NEW YORK–A routine toothbrushing turned into a profound exercise in nightmarish, existential horror Monday, when poverty-stricken Columbia University graduate student Marc Edelstein, 24, came across "the most gigantic cockroach this side of Gregor Samsa" in the bathroom of his one-room, walk-up efficiency.

Columbia grad student Marc Edelstein.

"It was terrifying," Edelstein told colleagues at the Ivy League university's English department shortly after the encounter with the giant cockroach. "Every day, I can't believe I am living in that apartment. The humiliations society forces me to undergo, just to get my stupid Ph.D, defy all rational, intellectual thought. Sometimes, when I wake up in the morning and see the squalor in which I live, it feels as if I've somehow found myself on trial before a group of faceless, bureaucratic agents for some horrible crime I didn't commit, and no one will even explain to me what my crime was."

Edelstein, whose combined rent and tuition far exceed his meager earnings from work-study grants and a part-time job as a teaching assistant, has struggled with an insect problem ever since moving into the 108th Street and Broadway apartment in the fall of 1997.

Edelstein called the cockroach "a deeply disturbing symbol of the alienation and pain seemingly inherent in every aspect of modern grad-student life." What's worse, he said, the enormous insect so paralyzed him with "intense, soul-searing fear" that he was unable to kill it before it escaped down the drain.

"This wretched, prehistoric creature," Edelstein said, "has survived to torment me anew another day–a day of reckoning that, although I know in my heart is soon to come, I am nonetheless powerless to prevent."

The doctoral candidate is no stranger to hardship. In March 1999, Edelstein called his part-time job at the hot-dog eatery Gray's Papaya "a vision of underpaid, overworked, meat-flinging degradation and brutality that I dare say would not be out of place within the pages of Upton Sinclair's The Jungle." Despite mounting student-loan debts, Edelstein quit the food-service job in August 1999 in "a vitriolic burst of invective and abuse rivaling the most impassioned deliverances of Alexander Pope."

Edelstein has also suffered "innumerable indignities" at the hands of his landlord, Randy Bosio, whom the tortured scholar described to his dissertation advisor as "a fetid, shambling, coin-rattling wraith of a man who brings to mind one of the more unsavory, shadow-dwelling denizens of Dickensian London." On other occasions, Edelstein has likened his landlord to one of the nightmarish "Mugwump" creatures from William S. Burroughs' Naked Lunch, claiming that Bosio's sole directive is "to attach himself to the flesh of the innocent and suck them dry."

Said Bosio: "Something about that kid just ain't right. Once, I let myself into his apartment when he wasn't home, just to fix the sink, and when he got back and found me there, he accused me of 'an Orwellian invasion of individual privacy,' whatever that meant."

Edelstein's woes were compounded last October, when his eight-month relationship with Meredith Astor, the 26-year-old daughter of prominent New York arts patrons James and Patricia Astor, ended in a devastating breakup, prompted by Meredith's shame over Edelstein's low social standing.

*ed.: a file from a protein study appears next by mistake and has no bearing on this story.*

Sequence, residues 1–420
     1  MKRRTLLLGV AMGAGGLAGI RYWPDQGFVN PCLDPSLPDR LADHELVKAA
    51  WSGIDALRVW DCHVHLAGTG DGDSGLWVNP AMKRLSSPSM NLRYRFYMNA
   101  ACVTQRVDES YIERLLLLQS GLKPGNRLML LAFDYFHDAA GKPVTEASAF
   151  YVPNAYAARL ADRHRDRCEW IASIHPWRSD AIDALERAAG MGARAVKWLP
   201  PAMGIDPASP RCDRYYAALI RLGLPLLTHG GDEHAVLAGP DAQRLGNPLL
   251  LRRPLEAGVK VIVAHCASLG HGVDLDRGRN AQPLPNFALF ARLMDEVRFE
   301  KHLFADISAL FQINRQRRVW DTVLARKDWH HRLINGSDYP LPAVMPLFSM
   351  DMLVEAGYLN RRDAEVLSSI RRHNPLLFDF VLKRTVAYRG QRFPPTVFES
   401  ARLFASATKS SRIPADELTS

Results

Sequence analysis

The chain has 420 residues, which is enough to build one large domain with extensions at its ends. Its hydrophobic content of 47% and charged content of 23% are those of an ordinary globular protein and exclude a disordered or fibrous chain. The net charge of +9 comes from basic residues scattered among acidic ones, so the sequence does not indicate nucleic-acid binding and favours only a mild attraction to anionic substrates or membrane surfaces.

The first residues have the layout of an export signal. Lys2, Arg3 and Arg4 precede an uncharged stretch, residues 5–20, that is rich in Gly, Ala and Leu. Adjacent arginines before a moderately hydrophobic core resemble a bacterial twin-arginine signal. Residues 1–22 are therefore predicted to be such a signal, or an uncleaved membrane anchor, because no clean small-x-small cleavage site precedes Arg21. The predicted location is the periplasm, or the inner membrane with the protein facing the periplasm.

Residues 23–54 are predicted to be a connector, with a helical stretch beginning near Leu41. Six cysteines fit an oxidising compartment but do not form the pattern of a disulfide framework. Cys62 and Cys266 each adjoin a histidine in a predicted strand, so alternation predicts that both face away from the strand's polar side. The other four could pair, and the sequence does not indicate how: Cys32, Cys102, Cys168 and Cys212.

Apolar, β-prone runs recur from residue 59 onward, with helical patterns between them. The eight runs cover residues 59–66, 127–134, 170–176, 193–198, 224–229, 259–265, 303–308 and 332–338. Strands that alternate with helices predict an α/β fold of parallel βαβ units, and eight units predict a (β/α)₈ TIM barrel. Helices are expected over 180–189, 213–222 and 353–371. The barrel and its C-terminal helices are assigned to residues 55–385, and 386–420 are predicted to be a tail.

"It was your basic F. Scott Fitzgerald situation," said Edelstein officemate Howard Underwood, who started dating Astor shortly after the split. "After Meredith left him, he plunged into a turbulent maelstrom of drink and despair. Every night was a nonstop party, a denial-fueled attempt to escape the inevitable collapse of the artificial world he had created for himself, masking his inner desperation and decay under a superficial veneer of false, empty revelry."

"I had to start picking up some of his T.A. hours because he wasn't showing up for discussion section," said Underwood, who will marry Astor in June. "Pathetic, really, much like the eventual fall of the gilded, faux opulence of the Jazz Age."

"Meredith's WASP-y, socialite, upper-crust parents never approved of me," Edelstein said. "Tight-lipped, goyish, Edith Wharton archetypes. I know she never would have left me if it weren't for the mannered, insufferable manipulations of her high-society family. Hello? The novel of manners has long since been supplanted as a reflection of prevailing social mores, people!"

After enduring such "infernal, Dantean torments of the soul," Edelstein said the cockroach incident was "the last straw," prompting him to decide to leave Columbia.

"That's it. After staring down at the writhing legs of that foul, accursed insect, I felt the horror of the void permeating my being to its deepest core, and I realized I cannot go on here at Columbia," Edelstein told his mother during a long-distance collect call shortly after his run-in with the cockroach. "I'm transferring to the University of Mississippi. Flannery O'Connor says a good man is hard to find? Well, a good graduate program is hard to find! I know I said I'd never do it, and that if I had to live in a horrible redneck cesspool of a state like Mississippi, I'd become so estranged from my surroundings that I'd end up like that Eudora Welty character who lives at the post office, but I've had it with New York. I can't go on."

"I'm giving up. Do you hear me, O cold, unfeeling universe?" shouted Edelstein, standing atop his building's roof. "You've won, you impenetrable void of utter meaninglessness! You have destroyed me at last!"

"The horror... the horror..." he added.